Although Muskin has led seven missions to Israel and the West Bank during the intifada, he flatly refuses to define his concern for Israel as a political issue.
"I know some colleagues from the East Coast who took [politically] diametrically opposing positions on Israel, and they both got burned," Muskin said. "A rabbi has a tremendous ability to influence, but he has to choose it wisely, and to be very careful what he says."
Rabbi David Wolpe of the Conservative Sinai Temple in Westwood echoed Muskin’s sentiments.
"My general principle is that being a rabbi gives me no special political insight," he said, "not into Israel and not into America, [so] using the pulpit to announce my political positions is illegitimate."
Both Wolpe and Muskin say that they lead congregations both politically sophisticated and diverse, and that it would be unwise to underestimate congregants who may have better informed ideological stances than their rabbis.
"What I can do is enunciate values and hope that those values will inform other people’s political decisions," said Wolpe, who added that he is pleased that many in his congregation probably don’t know his personal political leanings.
Muskin and Elazar’s stance on politics from the pulpit reflects a similar hesitancy from congregants who lay down clear guidelines about when they would — and would not — like to hear about politics on Friday night.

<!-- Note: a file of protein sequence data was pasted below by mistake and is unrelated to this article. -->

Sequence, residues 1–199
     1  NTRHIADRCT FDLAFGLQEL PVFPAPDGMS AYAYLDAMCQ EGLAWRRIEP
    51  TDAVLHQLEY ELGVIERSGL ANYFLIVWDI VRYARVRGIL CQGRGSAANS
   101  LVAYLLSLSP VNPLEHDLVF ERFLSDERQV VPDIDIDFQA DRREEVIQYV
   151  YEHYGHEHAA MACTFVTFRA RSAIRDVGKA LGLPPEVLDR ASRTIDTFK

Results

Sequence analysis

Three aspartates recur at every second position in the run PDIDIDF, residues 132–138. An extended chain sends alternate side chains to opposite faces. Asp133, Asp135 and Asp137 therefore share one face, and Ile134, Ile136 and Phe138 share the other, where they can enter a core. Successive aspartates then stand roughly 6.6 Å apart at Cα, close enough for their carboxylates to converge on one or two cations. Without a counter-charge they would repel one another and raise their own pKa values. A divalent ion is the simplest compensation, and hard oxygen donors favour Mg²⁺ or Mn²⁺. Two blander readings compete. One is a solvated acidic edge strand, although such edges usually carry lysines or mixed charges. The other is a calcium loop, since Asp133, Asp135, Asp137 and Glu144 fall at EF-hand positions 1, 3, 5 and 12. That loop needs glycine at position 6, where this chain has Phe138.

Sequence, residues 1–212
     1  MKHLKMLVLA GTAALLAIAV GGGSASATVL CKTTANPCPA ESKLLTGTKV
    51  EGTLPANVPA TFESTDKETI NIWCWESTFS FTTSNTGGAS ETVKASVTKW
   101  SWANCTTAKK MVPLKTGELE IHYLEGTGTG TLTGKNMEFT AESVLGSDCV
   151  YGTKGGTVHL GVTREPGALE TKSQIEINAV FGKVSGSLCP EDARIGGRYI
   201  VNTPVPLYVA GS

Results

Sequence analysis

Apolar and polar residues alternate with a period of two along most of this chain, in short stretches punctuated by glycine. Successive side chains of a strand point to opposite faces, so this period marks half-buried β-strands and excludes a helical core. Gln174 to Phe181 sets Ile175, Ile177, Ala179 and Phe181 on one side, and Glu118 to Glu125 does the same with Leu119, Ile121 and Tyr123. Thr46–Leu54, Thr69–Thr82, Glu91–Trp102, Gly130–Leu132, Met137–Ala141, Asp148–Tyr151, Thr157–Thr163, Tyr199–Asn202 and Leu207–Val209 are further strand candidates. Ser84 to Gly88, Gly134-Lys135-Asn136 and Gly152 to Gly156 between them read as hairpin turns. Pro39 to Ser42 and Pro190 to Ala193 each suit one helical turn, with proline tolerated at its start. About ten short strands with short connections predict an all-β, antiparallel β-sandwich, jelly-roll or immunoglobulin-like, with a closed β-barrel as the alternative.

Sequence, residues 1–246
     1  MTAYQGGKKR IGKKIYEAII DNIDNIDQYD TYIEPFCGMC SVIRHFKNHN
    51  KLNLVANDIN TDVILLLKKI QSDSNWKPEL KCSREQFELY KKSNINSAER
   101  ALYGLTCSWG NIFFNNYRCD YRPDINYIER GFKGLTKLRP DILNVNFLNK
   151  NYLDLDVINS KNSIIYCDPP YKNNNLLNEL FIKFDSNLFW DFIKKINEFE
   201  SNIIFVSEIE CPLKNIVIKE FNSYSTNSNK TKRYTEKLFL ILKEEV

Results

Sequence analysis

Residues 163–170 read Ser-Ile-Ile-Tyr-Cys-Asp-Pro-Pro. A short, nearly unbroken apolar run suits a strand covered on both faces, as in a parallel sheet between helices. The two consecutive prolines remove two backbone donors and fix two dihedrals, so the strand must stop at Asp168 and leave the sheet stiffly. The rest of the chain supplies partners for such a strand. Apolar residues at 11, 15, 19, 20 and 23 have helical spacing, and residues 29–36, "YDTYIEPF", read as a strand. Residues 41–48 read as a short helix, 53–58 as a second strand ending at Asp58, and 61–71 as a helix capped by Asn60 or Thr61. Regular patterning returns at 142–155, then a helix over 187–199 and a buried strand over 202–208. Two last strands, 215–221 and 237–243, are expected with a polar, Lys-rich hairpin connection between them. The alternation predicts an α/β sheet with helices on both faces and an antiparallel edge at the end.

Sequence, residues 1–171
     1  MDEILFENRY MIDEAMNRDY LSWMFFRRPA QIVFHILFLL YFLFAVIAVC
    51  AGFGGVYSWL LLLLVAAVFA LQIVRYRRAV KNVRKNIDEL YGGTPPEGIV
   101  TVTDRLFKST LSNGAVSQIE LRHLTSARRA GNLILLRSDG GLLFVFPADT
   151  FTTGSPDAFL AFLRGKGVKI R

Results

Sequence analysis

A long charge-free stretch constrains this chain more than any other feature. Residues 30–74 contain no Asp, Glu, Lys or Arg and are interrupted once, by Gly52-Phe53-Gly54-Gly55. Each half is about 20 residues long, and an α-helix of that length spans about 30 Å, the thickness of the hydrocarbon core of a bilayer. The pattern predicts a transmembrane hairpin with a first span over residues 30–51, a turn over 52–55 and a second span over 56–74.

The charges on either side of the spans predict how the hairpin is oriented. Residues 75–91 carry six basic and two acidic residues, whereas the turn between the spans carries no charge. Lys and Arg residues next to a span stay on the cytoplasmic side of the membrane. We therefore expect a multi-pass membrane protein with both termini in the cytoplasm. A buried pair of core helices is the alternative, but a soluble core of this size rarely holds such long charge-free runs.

"Rabbis are entitled to express their opinions freely from the [pulpit], but they should restrict [those] opinions to areas of their expertise and to where it is relevant to clear Judaic principles," said Arthur Jablon, a congregant at Temple Judea, a Reform synagogue based in Tarzana with a campus in West Hills.
That position holds the politically minded rabbi to a significant burden of proof to demonstrate that his discussion relates to Jewish tradition. The variable is how broad one defines what "Jewish tradition" actually is.
Generally speaking, rabbis seem to enjoy more freedom with political issues perceived as having severe or obvious ethical consequences, especially to Jewish communities, such as laws against anti-Semitism or terrorism. Similarly, in those situations, the rabbis are also likely to give themselves more leeway.